Most people are familiar with the catastrophic physical injuries of war — amputated limbs, disfigurement, paralysis. However, there are many other invisible injuries that plague veterans, are difficult to detect, and are often misdiagnosed or overlooked.
Post-traumatic stress disorder (PTSD), traumatic brain injury (TBI) and other invisible injuries plague countless veterans across the country. Unfortunately, returning home from wartime and seeking treatment is not as easy or timely as it should be.
Problems veterans face trying to get treatment for PTSD
Post-traumatic stress disorder is a mental condition caused when a person is exposed to a deeply disturbing situation. Unfortunately, as a result of the wars in Iraq and Afghanistan, numerous military servicemembers are suffering from PTSD. According to the American Public Health Association, “Nearly 50 percent of combat veterans from Iraq report that they have suffered from PTSD” and “Studies indicate that 56 percent to 87 percent of service members experiencing psychological distress after deployment report that they did not receive psychological help”.
Sadly, there are many barriers preventing military personnel from getting treatment for PTSD, including:
- Having long distances to travel to a facility — Geographic accessibility makes it difficult for veterans and service members to seek medical help in a timely manner.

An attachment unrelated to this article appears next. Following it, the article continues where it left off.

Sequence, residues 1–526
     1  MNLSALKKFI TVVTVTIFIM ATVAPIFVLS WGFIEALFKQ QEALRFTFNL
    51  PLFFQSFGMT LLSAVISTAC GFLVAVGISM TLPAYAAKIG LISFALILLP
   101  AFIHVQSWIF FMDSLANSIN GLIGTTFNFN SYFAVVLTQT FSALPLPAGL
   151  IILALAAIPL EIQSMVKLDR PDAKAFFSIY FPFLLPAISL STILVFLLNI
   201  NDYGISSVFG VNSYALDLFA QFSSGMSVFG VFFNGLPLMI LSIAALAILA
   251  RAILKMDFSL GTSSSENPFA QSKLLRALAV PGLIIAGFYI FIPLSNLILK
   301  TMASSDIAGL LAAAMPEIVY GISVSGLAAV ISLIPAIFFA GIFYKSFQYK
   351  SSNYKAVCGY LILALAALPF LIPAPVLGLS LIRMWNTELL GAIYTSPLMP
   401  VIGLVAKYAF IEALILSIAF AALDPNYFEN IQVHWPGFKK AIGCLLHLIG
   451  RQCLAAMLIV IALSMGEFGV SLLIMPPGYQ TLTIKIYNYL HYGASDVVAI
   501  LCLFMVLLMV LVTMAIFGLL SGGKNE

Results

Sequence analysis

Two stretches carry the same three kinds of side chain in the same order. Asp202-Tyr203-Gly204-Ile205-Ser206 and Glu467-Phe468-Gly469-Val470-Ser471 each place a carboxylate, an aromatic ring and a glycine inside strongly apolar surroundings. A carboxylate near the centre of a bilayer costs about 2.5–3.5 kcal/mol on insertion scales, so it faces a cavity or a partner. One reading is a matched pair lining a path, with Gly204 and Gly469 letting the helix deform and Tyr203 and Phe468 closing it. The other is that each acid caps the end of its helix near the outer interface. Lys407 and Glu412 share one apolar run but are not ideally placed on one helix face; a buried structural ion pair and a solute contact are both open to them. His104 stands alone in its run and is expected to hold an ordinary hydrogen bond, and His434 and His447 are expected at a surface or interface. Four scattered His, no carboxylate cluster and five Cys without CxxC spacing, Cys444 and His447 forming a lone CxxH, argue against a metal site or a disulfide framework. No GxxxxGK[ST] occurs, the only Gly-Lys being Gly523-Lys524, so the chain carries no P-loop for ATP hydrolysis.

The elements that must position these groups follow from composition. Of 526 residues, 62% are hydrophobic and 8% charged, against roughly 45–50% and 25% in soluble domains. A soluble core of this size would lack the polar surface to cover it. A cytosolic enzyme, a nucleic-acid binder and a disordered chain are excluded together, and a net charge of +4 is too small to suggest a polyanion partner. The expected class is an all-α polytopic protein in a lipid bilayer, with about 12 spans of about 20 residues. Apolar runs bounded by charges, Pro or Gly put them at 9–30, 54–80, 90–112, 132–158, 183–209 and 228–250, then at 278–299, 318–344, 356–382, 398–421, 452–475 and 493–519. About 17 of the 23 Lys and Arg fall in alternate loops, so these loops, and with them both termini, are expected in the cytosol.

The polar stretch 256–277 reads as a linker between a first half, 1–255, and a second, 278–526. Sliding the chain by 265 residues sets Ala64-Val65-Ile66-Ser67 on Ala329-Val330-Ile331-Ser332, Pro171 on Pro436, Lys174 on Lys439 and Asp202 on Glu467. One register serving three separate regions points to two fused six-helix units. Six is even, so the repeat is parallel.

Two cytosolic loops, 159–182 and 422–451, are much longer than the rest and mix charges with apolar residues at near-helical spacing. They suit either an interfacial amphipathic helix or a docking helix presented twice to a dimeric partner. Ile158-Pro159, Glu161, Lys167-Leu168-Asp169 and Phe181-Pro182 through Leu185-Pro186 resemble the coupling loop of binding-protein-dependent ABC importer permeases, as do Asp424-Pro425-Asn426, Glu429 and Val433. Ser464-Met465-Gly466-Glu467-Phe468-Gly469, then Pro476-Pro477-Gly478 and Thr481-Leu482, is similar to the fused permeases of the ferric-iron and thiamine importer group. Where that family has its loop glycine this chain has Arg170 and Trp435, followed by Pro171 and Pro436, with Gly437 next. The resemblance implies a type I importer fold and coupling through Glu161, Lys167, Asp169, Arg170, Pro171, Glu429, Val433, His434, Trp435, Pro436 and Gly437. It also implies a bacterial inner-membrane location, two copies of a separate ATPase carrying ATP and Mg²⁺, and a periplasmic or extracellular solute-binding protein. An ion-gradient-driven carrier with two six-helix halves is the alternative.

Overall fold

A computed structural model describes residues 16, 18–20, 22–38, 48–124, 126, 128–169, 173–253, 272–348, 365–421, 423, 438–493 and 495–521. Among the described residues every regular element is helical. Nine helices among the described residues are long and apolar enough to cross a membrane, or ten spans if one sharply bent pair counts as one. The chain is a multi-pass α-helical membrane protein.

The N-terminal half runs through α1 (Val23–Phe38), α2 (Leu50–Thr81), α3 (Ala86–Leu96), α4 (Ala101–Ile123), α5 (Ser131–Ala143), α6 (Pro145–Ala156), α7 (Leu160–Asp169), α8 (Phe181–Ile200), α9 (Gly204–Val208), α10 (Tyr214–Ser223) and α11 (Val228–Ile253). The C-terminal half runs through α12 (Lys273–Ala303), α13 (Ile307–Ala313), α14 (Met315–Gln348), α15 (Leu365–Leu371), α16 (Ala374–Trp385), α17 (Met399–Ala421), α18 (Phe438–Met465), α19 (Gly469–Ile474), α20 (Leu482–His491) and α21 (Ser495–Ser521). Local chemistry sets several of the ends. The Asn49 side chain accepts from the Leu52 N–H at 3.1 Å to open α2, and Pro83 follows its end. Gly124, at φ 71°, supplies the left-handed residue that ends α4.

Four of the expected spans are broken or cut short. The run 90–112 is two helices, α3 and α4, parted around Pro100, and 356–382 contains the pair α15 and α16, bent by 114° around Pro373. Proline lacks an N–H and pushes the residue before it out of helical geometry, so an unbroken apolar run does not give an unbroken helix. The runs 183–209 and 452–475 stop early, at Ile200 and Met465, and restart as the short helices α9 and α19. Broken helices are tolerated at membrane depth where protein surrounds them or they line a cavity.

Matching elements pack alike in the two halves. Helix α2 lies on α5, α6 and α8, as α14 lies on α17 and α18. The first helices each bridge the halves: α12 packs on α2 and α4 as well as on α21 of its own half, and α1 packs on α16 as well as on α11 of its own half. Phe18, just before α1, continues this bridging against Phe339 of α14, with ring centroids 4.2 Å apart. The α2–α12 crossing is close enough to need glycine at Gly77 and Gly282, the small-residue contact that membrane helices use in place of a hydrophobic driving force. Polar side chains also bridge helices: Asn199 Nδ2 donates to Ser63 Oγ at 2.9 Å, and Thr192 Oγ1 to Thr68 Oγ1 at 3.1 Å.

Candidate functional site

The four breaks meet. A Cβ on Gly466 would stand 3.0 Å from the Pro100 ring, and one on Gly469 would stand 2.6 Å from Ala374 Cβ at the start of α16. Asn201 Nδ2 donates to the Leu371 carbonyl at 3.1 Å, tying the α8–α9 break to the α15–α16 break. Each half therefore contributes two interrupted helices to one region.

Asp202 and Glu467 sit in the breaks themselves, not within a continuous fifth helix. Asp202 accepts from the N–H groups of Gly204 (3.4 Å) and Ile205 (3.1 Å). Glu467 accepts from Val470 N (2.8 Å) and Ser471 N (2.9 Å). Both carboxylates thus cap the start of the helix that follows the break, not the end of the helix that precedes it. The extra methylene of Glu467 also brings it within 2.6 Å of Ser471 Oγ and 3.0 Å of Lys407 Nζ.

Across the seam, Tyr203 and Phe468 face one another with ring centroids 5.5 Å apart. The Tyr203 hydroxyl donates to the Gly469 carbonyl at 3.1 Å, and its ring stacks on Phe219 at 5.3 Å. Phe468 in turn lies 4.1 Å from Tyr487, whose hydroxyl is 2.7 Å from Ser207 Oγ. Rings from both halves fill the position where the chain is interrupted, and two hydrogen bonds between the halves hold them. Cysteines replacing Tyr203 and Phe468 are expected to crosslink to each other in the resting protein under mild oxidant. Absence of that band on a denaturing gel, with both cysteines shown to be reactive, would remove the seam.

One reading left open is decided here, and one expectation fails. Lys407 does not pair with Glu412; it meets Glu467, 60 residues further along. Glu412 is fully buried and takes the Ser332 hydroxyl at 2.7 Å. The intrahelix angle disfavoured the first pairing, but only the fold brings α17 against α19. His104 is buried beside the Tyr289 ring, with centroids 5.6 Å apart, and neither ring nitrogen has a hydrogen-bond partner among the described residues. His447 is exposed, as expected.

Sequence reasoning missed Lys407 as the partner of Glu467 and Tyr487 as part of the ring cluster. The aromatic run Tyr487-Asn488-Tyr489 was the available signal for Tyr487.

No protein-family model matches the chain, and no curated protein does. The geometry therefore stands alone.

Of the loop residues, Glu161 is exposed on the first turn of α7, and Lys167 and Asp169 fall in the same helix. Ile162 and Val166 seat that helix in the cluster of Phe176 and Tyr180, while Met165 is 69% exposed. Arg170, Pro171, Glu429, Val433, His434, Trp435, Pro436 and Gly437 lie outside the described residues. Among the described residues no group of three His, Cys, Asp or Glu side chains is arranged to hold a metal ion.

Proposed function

- Long wait times — Active duty service members and veterans alike complain of excessive wait times to see a PTSD specialist.
- Workforce shortages — There are simply not enough PTSD specialists in the country to treat the demand of troops coming home. An example cited by the NCBI explains that there are 8.2 psychiatrists per 100,000 people in the mid-Atlantic area.
- Mental health disorder stigma — In military culture, seeking treatment is sometimes frowned upon. Soldiers are expected to “tough it out” and may not seek help for fear of being viewed as weak.
Other barriers include not knowing where to go for treatment and not having enough leave time.
TBI exams not always performed by specialists
A brain specialist should be the person who ultimately determines if a solider has a TBI and what the treatment plan should be. Unfortunately, many veterans are being examined by nurse practitioners and other under-qualified personnel. According to VA policy, “the TBI screening tool may be administered by physicians or other clinical providers, such as nurse practitioners, physician’s assistants, and nurses, who have the clinical background to review results with the veteran.” As a result, individuals may be misdiagnosed and proper treatment may be denied.
For example, Butch Hamersmam, a veteran, was denied treatment for TBI after being examined by a nurse practitioner. Later on, when Hamersmam developed a brain tumor, a VA neurologist determined that it was caused by his earlier TBI that was misdiagnosed.
Contact aggressive injury lawyers in Santa Barbara
The Bertling Law Group is dedicated to representing veterans and active service members who suffer from PTSD, TBIs and other injuries. For more information, or to schedule a free consultation to discuss your case with a skilled attorney today, contact us at 844-295-7558.